Choosing binoculars: The Details
You can spend anywhere from $30 to $3000 on a pair of binoculars. At the high end you get superb optical performance, extreme durability and meaningful lifetime warranties. Drive you car over your binoculars and they will replace them. The low end is useless junk. For a decent pair of lightweight waterproof backpacking binoculars that will last many years expect to pay from $200 to $400. More expensive binoculars would likely provide better durability, a better warranty, and incrementally improved optics.
Binoculars are identified with two numbers that will read 8×32 or something similar. The first number is the magnification; backpacking binoculars should have a magnification between 7 and 10. Smaller and they become pointless to carry; larger and they become too heavy and are difficult to hold still enough to be useful.
The second number is the diameter of the objective lens in millimeters. The larger the lens diameter, the brighter the image, however the weight of binoculars goes up quickly with increased lens diameter. The most significant trade-off is between weight and clarity in low light conditions. You never need more than a 1:5 ratio (7×35, 8×40, 9×45, 10×50) between magnification and lens diameter as anything greater provides more light than the eye can use. If optimizing for low light conditions, 1:5 is ideal; if optimizing for weight 1:3 is acceptable. A good compromise for backpacking is 1:4, i.e. 8×32. Anything over 35 millimeters is going to be too heavy for most backpackers. Anything less than 25 millimeters is going to have poor light gathering ability and possibly a poor field of view.
Any decent pair of binoculars will have coated lenses. These coatings, often multiple layers of them, vastly improve optical performance. You don’t need to worry about the specifics. Be aware that these coatings can be a bit fragile, so clean your lenses with a soft clean cloth or lens tissue. Do not use hot water.
Particularly for backpackers, the binoculars must be warranted to be waterproof. If you carry binoculars outdoors, they will get wet: count on it. Any water inside a binocular and the internal surfaces of the lenses will fog, most likely permanently. The glasses should also be factory filled with an inert gas like nitrogen or argon. These gases displace the air inside the instrument. That air contains some moisture. Take warm binoculars outside into the cold and that moisture will condense, again on the inside surfaces of the lenses. Moisture on external surfaces of waterproof binoculars is not a problem can be easily wiped away with no damage done.
Close focus is very nice to have. Many binoculars can now focus down to a few feet. This is handy when looking at bugs, reptiles, flowers, or in lucky Jim’s case, an echidna curled up between his feet.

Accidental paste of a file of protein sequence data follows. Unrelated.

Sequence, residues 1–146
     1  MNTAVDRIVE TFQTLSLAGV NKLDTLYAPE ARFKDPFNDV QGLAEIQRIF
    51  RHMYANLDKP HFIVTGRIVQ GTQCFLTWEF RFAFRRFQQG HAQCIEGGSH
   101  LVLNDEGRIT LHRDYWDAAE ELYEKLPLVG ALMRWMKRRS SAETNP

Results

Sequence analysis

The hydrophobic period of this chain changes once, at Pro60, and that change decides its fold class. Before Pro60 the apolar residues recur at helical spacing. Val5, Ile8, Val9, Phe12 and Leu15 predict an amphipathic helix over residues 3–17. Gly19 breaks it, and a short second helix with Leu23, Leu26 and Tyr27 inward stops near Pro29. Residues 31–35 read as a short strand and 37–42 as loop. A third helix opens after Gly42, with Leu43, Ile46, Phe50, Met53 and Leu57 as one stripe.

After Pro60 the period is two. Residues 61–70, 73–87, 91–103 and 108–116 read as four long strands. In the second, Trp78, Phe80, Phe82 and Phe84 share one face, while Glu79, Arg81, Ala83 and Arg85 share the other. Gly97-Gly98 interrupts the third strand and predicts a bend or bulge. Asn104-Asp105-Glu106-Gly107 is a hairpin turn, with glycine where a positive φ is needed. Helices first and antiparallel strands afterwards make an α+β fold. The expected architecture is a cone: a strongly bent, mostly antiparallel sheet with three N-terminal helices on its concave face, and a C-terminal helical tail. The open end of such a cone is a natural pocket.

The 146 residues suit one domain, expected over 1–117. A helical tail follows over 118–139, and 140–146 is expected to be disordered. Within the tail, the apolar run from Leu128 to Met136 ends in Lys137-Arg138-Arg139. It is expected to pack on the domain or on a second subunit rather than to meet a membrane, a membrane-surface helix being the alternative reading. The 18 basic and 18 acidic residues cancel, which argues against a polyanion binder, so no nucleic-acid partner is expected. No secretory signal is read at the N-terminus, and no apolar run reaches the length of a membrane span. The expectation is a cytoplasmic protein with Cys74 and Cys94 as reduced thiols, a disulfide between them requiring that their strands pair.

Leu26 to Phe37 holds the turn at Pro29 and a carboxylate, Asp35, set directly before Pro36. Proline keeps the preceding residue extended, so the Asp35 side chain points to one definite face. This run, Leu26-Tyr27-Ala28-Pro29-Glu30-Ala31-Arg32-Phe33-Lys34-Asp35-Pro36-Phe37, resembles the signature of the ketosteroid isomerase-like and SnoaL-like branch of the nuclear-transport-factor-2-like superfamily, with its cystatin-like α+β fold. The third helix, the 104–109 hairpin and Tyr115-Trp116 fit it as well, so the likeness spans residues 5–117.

Many brands offer a very lightweight binocular model, often described as pocket or compact, which folds into itself along two sets of hinges. These are notoriously slow and fiddly to deploy, and although the weight and size are attractive, we recommend avoiding any model that folds along two junctions instead of a single center-line hinge.
Binoculars are made with plastic, aluminum and magnesium frames. With metal frames the binoculars are much less likely to get knocked out of alignment. Magnesium frames are lighter but usually more expensive than aluminum frames.
You will need a shoulder strap that you can use comfortably when wearing your pack. If you don’t carry your binoculars in a handy place, you won’t use them. Many models come with fancy padded straps or shoulder harnesses which are unnecessarily complicated or too heavy for backpackers. Straps can be replaced with a simple piece of nylon webbing, as shown in the photograph.
Eyepiece cover caps are essential to keep crap ranging from raindrops to pine needles to blowing sand from falling into the eye cups. The caps protect the lenses and also protect your eyes, since that crap lands in your eyes in your hurry to catch a glimpse of the mountain lion that just crossed your path. Many binoculars come with caps that are already attached to the strap, however some of the caps are fiddly to use and not easily deployed and replaced. After market replacement caps are available if the ones on your pair are bad.
There are many brands and models on the market. For backpackers’ purposes, the better brands have functionally equivalent optical quality. Companies make claims why their model is better, but ignore the marketing noise. The best way to choose a pair is to visit stores and try the various models. Some will fit your face and feel better in your hands than others. If shopping online be sure you can return them if they don’t feel comfortable. Take them outside and try focusing on a far horizon or the moon and make sure they work with your eyes. Also try focusing them at something four to six feet away.